Whiskey painters of america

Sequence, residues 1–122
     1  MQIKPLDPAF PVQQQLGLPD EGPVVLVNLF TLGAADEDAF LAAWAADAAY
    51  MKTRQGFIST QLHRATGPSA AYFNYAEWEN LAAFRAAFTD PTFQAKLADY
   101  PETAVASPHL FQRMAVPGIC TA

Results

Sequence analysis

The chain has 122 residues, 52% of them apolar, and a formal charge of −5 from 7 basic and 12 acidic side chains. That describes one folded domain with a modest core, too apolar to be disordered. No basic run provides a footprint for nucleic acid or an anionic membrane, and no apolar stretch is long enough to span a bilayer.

An exclusive miniature painting society, its members share a painting ritual and credo, which asserts that an artist should be able "to enjoy two of the three greatest pleasures in life while sitting on a bar stool or at a dimly lit cocktail table." It began in Akron, Ohio in the late 1950s, with artist Joe Ferriot, who traveled for a plastics firm and wanted to paint 'on the road'. For portability, he devised a small cigar box palette and carrying method for watercolor paper, 4 inches by 5 inches. At the end of the day, he would go to a local bar, paint and drink whiskey. His paintings became sought after, and cohorts, mostly members of the Akron Society of Painters, joined in the fun, which 14 of them formalized into an Association in 1962. Ferriot served as President for 10 years. WPA is limited by charter to 150 members who, in turn, have to be sponsored by an active member. For exhibition entries, the size of the work can be no larger than 4 X 5 inches and begun with the ritual of dipping a brush into watercolor and then dipping the brush into alcoholic spirits from which the artist then takes a sip. WPA sponsors two yearly exhibitions each year, one in Cuyahoga Falls, Ohio, and the other in Augusta, Georgia. Members also have nation-wide shows in museums and galleries. Members included Arnold Boedeker, Louis Mong, Jack Mulhollen and Tony Cross. Source: Whiskey Painters of America, http://www.whiskeypaintersofamerica.org/